Kayla Jean Mueller, a humanitarian worker who had been captured by ISIL in Syria, was confirmed dead by the White House this morning. She was 26 years old.

I had not heard much about her before the news of her death, but I now wish I had known of her incredible story while she was alive. According to her family, Kayla Mueller always held the desire to serve others. After graduating from college, she worked with humanitarian aid groups in India, Israel, and the Palestinian territories, and traveled to Syria in late 2012. She was an extraordinarily brave woman devoted to helping the people of Syria, no matter the personal risk. She found great joy in this endeavor, writing, “This really is my life’s work, to go where there is suffering.”

While working with families and refugees in Syria, she was captured by ISIL in Syria. Held captive for almost two years, Kayla was killed in an airstrike last week. During her captivity, Kayla displayed remarkable peace in the midst of her own suffering. In a letter to her parents, she wrote:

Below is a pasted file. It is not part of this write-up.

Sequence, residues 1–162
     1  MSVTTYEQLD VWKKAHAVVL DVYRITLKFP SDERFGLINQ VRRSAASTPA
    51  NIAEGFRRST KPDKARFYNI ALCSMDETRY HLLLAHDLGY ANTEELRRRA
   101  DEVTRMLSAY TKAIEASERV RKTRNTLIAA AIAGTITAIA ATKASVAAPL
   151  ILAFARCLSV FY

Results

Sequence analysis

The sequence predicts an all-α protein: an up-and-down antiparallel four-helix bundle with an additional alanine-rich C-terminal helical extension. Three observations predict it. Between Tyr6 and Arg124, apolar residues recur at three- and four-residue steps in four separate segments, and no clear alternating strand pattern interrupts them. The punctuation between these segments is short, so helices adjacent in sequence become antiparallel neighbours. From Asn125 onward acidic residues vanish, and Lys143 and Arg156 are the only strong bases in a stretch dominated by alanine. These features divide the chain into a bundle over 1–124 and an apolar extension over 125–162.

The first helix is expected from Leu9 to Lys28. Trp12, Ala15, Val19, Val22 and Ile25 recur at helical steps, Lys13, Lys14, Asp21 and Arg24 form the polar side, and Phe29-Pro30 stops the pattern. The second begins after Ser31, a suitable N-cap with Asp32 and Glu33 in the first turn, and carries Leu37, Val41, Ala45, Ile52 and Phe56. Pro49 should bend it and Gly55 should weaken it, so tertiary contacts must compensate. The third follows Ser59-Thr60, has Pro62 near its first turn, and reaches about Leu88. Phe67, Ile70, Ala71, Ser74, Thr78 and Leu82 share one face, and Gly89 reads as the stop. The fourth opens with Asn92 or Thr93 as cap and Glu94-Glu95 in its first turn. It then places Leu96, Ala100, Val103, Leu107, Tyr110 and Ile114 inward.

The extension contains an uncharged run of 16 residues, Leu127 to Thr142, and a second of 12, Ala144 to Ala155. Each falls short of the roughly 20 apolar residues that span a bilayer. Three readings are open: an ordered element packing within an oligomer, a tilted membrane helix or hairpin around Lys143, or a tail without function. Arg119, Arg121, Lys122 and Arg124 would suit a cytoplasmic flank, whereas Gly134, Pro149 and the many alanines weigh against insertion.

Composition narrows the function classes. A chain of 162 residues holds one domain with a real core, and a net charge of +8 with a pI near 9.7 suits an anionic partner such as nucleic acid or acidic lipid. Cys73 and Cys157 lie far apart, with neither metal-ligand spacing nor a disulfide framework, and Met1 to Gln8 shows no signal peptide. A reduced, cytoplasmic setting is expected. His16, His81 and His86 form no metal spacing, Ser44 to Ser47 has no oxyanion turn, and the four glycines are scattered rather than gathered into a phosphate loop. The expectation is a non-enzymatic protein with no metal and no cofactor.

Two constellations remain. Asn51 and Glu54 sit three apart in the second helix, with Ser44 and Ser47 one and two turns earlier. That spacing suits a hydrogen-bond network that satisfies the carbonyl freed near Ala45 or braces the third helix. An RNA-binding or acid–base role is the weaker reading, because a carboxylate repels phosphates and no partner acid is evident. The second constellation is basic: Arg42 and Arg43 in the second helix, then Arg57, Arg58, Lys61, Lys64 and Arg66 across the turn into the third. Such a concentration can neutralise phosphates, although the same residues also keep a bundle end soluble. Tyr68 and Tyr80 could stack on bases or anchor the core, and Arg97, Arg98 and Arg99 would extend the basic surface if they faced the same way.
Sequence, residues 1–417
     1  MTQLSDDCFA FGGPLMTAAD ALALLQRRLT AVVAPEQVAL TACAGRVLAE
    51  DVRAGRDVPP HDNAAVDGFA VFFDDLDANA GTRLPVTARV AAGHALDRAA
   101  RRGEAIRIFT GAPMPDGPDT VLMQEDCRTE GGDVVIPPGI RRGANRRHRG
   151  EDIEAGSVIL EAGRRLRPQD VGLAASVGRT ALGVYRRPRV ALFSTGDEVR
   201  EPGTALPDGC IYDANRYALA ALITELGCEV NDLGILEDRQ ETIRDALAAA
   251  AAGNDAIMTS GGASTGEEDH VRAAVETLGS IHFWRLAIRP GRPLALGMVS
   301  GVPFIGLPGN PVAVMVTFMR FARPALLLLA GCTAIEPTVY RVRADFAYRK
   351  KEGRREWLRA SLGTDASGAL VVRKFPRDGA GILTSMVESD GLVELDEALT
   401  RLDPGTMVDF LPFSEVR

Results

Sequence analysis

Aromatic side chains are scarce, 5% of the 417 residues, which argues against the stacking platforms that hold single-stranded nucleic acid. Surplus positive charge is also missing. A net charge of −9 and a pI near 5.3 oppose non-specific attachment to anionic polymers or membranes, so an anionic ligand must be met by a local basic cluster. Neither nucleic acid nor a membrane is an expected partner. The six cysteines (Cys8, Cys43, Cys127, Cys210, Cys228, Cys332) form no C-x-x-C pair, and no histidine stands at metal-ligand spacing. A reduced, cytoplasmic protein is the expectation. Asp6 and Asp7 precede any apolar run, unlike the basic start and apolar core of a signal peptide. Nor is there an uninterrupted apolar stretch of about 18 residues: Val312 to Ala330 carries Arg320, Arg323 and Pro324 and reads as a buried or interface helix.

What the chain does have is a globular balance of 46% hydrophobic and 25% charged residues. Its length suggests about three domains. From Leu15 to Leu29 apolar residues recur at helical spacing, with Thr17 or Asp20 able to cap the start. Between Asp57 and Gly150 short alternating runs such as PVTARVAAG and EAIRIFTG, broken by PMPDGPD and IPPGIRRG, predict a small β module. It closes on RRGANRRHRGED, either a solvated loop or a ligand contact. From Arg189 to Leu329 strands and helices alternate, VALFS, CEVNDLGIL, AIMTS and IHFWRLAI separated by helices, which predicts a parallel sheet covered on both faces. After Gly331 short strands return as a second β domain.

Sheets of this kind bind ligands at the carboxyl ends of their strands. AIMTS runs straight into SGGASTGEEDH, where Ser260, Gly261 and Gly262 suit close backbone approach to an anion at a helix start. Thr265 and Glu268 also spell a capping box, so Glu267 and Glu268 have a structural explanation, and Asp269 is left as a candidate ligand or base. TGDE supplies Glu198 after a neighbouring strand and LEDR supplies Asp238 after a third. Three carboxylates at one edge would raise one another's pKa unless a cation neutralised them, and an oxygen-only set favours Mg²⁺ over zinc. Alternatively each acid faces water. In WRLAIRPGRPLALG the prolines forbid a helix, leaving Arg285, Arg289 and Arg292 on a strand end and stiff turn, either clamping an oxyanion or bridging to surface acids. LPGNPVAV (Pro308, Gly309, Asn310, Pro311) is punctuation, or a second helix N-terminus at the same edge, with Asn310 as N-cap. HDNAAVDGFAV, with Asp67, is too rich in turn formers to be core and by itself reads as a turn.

If you could say I have “suffered” at all throughout this whole experience it is only in knowing how much suffering I have put you all through…I remember mom always telling me that all in all in the end the only one you really have is God. I have come to a place in experience where, in every sense of the word, I have surrendered myself to our creator b/c literally there was no else….+ by God + by your prayers I have felt tenderly cradled in freefall.

According to a statement released by her parents upon the news of her death, in 2011 Kayla wrote:

I find God in the suffering eyes reflected in mine. If this is how you are revealed to me, this is how I will forever seek you… I will always seek God. Some people find God in church. Some people find God in nature. Some people find God in love; I find God in suffering. I’ve known for some time what my life’s work is, using my hands as tools to relieve suffering.

If I could say anything to her parents, it would be that their daughter is an inspiration to all young people. We should all meet the suffering of others, whether in a foreign country or in our own hometown.

Image of Kayla Mueller courtesy of The Guardian